• Size: The size of the block in bytes.

Rank List

The rank list contains the top 100 wallet addresses by balance. It displays the rank, the address, its balance, and the percentage of the total supply stored in the address. A few of these addresses are known to be related to the Elastos Foundation and Cyber Republic:

  • Rank 1: 8KNrJAyF4M67HT5tma7ZE4Rx9N9YzaUbtm–Cyber Republic funds to be used when the first community elected council and the Cyber Republic Consensus (CRC) go live.
  • Rank 2: 8VYXVxKKSAxkmRrfmGpQR2Kc66XhG6m3ta–Elastos Foundation mining rewards donated to the Cyber Republic plus the current 30% of the yearly inflation for ecosystem development. This ELA is currently used to fund approved Cyber Republic proposals.
  • Rank 3: 8S7jTjYjqBhJpS9DxaZEbBLfAhvvyGypKx–Elastos Foundation funds.
  • Rank 6: ELANULLXXXXXXXXXXXXXXXXXXXXXYvs3rr–Burn address. ELA burned at the 1 year anniversary. This means any ELA sent to this address can never be retrieved and are considered burned.
  • 8ZZLWQUDSbjWUn8sEdxEFJsZiRFpzg53rJ–Elastos Foundation’s Daily Operations wallet.

The addresses starting with an 8 instead of an E are multi-signature wallets. These type of wallets were initially only used by the Elastos Foundation, but now they can be used by any group of people. Multi-signature wallets cannot participate in DPoS consensus; they currently cannot register a node, nor can they vote on existing nodes.

Other addresses that are known and may appear in the top 100 are the public addresses of the different mining pools (Ranks are at the time of writing and may vary greatly):

  • Rank 8: BTC.COM EMWsru8XhpQxJ7CvDzgAea1WroJqskPmqd
  • Rank 54: F2P pool ENqof4f3bvpLLZVXMALUL4b8hDAJHAVxU6
  • Rank 63: BTC.TOP EJERhHYJHx3w87TZ6jVbF5vtF1JQ3yMDPh
  • Huobi pool: EVXNSmx1KzT6Pxzcup3QGh1vCKZckz8XDD
  • ViaBTC: Eeguj3LmsTnTSyFuvM8DXLmjYNBqa6XK4c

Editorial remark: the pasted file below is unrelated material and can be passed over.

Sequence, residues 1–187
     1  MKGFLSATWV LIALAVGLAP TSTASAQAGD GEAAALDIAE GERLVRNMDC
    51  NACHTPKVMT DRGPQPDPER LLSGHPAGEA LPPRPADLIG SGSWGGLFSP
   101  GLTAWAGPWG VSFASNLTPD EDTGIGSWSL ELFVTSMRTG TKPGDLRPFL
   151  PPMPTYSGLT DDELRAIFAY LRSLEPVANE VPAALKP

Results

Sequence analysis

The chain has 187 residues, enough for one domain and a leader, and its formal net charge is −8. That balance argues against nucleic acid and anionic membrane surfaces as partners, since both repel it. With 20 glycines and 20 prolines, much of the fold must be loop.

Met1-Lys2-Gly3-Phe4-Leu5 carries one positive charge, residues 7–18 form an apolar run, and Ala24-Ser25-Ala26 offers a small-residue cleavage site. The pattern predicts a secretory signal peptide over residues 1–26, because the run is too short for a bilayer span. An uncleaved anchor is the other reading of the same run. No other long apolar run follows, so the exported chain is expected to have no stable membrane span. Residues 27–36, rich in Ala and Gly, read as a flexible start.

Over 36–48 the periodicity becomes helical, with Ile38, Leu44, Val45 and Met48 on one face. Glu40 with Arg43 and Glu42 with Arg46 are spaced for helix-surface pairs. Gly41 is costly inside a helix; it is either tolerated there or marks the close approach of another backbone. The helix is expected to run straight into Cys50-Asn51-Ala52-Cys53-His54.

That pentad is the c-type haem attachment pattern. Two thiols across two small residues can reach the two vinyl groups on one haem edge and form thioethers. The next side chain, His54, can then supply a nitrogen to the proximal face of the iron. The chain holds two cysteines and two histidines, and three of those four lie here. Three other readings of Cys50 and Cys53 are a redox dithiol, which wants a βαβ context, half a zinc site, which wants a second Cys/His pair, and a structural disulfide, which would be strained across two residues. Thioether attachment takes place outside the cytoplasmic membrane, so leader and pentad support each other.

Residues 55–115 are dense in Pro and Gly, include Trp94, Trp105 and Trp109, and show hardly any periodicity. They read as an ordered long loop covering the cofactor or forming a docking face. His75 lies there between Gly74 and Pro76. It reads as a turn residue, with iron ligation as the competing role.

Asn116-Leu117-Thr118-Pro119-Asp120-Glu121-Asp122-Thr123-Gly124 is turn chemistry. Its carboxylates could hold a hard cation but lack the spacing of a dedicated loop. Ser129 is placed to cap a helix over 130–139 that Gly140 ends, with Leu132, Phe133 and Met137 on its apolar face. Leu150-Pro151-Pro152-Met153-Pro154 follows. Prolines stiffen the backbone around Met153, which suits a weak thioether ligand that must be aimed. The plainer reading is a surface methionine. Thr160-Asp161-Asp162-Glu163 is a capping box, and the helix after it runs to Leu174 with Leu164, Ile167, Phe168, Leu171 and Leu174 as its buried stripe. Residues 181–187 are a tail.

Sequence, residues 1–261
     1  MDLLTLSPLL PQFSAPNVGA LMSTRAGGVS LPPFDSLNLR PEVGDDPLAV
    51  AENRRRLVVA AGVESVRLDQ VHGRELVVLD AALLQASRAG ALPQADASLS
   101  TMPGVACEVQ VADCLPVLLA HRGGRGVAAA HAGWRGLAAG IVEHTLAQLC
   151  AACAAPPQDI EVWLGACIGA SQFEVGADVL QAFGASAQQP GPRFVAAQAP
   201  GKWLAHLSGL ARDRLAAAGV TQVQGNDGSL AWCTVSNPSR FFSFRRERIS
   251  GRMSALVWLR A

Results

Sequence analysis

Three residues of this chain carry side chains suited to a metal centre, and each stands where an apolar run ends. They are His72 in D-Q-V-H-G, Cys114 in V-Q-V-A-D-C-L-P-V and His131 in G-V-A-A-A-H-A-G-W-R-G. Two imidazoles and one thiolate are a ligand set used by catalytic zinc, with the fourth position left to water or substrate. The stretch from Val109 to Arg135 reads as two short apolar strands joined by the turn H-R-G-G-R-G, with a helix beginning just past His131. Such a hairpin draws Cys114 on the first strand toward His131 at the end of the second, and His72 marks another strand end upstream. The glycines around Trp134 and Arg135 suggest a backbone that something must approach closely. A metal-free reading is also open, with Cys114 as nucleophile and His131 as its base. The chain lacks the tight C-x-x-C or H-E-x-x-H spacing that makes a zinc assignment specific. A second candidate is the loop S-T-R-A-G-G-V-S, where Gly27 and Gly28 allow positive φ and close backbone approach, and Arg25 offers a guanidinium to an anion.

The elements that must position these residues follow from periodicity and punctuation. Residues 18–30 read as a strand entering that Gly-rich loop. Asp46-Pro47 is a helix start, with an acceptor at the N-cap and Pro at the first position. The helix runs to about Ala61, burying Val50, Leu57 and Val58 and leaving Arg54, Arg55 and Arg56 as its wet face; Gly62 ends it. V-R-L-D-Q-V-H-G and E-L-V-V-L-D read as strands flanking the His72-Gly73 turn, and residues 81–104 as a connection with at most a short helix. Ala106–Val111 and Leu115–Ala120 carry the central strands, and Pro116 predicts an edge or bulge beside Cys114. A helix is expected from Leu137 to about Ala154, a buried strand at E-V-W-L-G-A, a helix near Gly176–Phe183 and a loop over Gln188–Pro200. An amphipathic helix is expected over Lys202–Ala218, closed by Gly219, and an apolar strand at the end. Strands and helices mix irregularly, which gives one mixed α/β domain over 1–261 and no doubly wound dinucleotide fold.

• Antpool: EMRKTXN183vwcGbCetvKuUPHMyQScRjx6F
  • OKPOOL.TOP: Ec2qPyGmzqiwwcRNbYbFeMP92SiC6DE85z

Exchange wallets addresses are often present in the top 10 or top 100, but the same wallet address never stays there long as the funds are moved around regularly. The Huobi and Kucoin wallets are easy to recognize, though, with their distinctive fees of 0.005 ELA and 0.1 ELA, large number of transactions, and high throughput of ELA.

The addresses belonging to the different DPoS nodes are also publicly available. There are too many of them to list here, but you can find them on the Noderators site, and on, which is maintained by the Starfish Supernode team.


The Blocks page is similar to the homepage, but here you will find all the blocks added to the blockchain in chronological order, starting from the most recent addition. The information given about each block is exactly the same as on the homepage:

  • Block Height: Reflects the position of the block in the Elastos Blockchain.
  • Timestamp: Date and Time the block was added to the chain.
  • Transactions: Number of transactions stored in the block.
  • Mined By: The individual or entity who found that block.
  • Size: The size of the block in bytes, reflecting the amount of information stored in the block.